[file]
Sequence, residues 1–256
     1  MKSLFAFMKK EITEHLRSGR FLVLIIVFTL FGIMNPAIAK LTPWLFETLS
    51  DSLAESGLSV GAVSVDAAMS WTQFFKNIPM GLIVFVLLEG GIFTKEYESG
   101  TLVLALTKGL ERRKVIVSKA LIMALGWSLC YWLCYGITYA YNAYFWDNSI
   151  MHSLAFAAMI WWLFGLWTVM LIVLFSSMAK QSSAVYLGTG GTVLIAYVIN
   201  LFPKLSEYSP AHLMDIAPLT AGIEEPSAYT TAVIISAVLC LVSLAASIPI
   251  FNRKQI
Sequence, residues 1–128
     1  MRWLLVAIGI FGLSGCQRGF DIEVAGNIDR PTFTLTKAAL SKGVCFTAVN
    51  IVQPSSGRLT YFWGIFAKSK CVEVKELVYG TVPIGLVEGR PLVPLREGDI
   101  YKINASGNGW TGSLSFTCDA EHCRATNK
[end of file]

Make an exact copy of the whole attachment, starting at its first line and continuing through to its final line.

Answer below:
Sequence, residues 1–256
     1  MKSLFAFMKK EITEHLRSGR FLVLIIVFTL FGIMNPAIAK LTPWLFETLS
    51  DSLAESGLSV GAVSVDAAMS WTQFFKNIPM GLIVFVLLEG GIFTKEYESG
   101  TLVLALTKGL ERRKVIVSKA LIMALGWSLC YWLCYGITYA YNAYFWDNSI
   151  MHSLAFAAMI WWLFGLWTVM LIVLFSSMAK QSSAVYLGTG GTVLIAYVIN
   201  LFPKLSEYSP AHLMDIAPLT AGIEEPSAYT TAVIISAVLC LVSLAASIPI
   251  FNRKQI
Sequence, residues 1–128
     1  MRWLLVAIGI FGLSGCQRGF DIEVAGNIDR PTFTLTKAAL SKGVCFTAVN
    51  IVQPSSGRLT YFWGIFAKSK CVEVKELVYG TVPIGLVEGR PLVPLREGDI
   101  YKINASGNGW TGSLSFTCDA EHCRATNK